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Monday, May 20, 2024

Six Free Websites for Playing Party Games with Friends while Social Distancing

by | published Wednesday, April 1, 2020

If you’re reading this, you’ve almost certainly spent a lot more time at home than you usually do during the beginning of spring. It’s also probably the case that, unless you’re in tight with frontliners (thank you!) or the haphazardly ignorant (stay home!), most of your regular playgroup is similarly housebound. Tabletop gamers are, by nature, communal; tempting as it may be to succumb to the stir-crazy and pop over to a friend’s for banter over boards, it’s imperative for everyone who can to practice social distancing. Yet, practicing social distancing doesn’t mean that we can’t socialize. Interacting with friends is extremely beneficial to mental health. Boot up your chat program of choice, get dressed (this part’s optional), and ping your fellow players, because here are six sites that’ll let you play lighter fare in larger groups, completely free.


Word Association

Designer: Vlaada Chvátil

Programmer: joshporter1

Players: 4+

Registration Required: No

Play Length: 5-30 minutes

In-Game Chat: No

Mobile-Friendly: Yes

Codenames is the breakout game of the 2010s, for good reason. Many a time has a playgroup decided to kick off an evening of gaming with a couple of rounds, only to find themselves still hunting agents hours later. Codenames’ combination of team play, quick duration, and clever word association makes for an excellent party game to play over chat. Above and beyond the physical version, the implementation on is supported in nearly a dozen languages and allows for three-team games, as well as integrated banks of Pop Culture- and Cards Against Humanity-inspired words. For those preferring an even more minimalist implementation, Codenames and Codenames Duet (the fully cooperative version) are available to play at and, respectively; note that these two versions require a little more trust on all players’ ends, as each game’s answer key is one errant click away.


Designer: anon

Programmer: anon

Players: 3-8

Registration Required: No

Play Length: 15-45 minutes

In-Game Chat: Yes

Mobile-Friendly: Yes is an incredibly cute implementation of the draw-and-guess game that most people know as Pictionary, except with significantly simplified scoring (the faster a player guesses the correct answer, the more points both they and the illustrator receive). The intuitivity and quick playtime makes it perfect for larger parties looking for an easy game. While the game features native word banks in over twenty languages, it’s also straightforward for a room creator to load their own custom clue array. It’s advisable to stick to private games; the public rooms are rife with bots and spammers.


Social Deduction

Designer: Don Eskridge

Programmers: Alex Nomia & Lasha Kitia

Players: 5-10

Registration Required: Yes

Play Length: 25-45 minutes

In-Game Chat: Yes

Mobile-Friendly: Yes

Avalon is the same type of game as the classic camp favourites Werewolf and Mafia: a small group of in-the-know players are attempting to appear innocuous and trustworthy to the rest of the playgroup, so that they may anonymously sabotage them. Almost all other players begin uncertain of any identities besides their own, and must work together to identify who the in-the-know players are if they wish to succeed. Unlike the aforementioned games, Avalon does not need a person to serve as the gamemaster. Avalon is nearly the same game as Eskridge’s other game The Resistance, except with an Arthurian theme in lieu of The Resistance’s future-dystopian skin, and the addition of optional player powers that create additional opportunities for deduction and bluffing. While it requires prospective players to register, the implementation on has a pleasant interface that makes use of the official game art.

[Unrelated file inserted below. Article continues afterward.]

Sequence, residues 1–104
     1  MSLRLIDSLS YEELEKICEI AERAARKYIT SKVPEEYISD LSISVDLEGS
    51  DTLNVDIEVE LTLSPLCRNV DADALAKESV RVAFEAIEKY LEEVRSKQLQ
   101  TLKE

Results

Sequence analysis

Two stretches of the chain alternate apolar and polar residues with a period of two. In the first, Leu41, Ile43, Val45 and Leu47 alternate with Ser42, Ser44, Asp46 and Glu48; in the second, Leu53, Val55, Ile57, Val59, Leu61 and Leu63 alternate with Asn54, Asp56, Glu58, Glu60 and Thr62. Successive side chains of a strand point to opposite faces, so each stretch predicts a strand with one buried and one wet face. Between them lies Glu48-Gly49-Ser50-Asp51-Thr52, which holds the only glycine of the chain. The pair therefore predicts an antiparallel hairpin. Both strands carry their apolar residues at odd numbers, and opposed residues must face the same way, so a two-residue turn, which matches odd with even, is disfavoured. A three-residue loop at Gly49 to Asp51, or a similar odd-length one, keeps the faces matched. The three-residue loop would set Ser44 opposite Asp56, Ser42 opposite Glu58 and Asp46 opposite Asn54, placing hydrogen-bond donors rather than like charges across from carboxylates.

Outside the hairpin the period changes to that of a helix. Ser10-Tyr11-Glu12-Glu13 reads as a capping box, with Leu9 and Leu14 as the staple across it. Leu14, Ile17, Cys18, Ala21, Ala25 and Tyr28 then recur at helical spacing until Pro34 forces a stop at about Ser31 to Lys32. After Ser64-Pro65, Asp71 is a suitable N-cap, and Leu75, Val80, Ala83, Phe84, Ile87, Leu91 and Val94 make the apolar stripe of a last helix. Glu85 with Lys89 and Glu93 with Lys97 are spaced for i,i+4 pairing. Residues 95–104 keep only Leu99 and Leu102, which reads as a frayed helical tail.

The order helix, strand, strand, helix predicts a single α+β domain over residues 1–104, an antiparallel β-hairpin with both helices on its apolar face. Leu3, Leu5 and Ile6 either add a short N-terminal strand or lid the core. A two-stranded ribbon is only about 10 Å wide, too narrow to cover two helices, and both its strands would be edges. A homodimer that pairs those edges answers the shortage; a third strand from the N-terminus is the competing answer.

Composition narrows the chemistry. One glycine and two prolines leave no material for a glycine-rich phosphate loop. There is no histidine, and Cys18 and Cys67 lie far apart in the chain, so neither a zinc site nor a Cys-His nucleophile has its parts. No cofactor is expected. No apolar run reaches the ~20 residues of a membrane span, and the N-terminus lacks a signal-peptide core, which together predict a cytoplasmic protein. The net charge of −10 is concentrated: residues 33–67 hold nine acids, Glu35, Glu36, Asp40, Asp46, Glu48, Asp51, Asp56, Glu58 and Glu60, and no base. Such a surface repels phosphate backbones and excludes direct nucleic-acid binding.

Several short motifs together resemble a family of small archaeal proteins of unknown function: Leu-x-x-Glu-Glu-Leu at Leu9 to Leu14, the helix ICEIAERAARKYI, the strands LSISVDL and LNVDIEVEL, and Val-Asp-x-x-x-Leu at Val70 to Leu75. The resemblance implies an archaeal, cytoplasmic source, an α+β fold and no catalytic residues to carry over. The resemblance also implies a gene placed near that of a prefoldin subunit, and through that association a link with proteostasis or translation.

Broken Picturephone


Designer: Public Domain

Programmer: stochaztic

Players: 4-12

Registration Required: No

Play Length: 10-20 minutes

In-Game Chat: No

Mobile-Friendly: Yes

Better known by board gamers as Telestrations and by parlour game aficionados as Eat Poop You Cat, Broken Picturephone is a hilarious cross between Pictionary and Broken Telephone. Players begin each round by writing a secret drawing prompt: after doing so, they give that prompt to the player on their left, while simultaneously receiving a drawing prompt from the player to their right. Each player will then illustrate the prompt they received, to the best of their ability. After doing so, they will pass their illustration to the player on their left and receive one from the player on their right; they will then write their best guess as to what their current illustration is depicting. This continues until all players have seen every set once: the game runner is then able to show everyone the progression and digressions that each prompt has taken. Unlike Telestrations, there is no predetermined set of words to play with, and as such the prompts tend to get extremely bizarre, extremely fast. This is the rare title where points and winning are an afterthought; its casual nature and quick playtime make it an ideal cooldown game.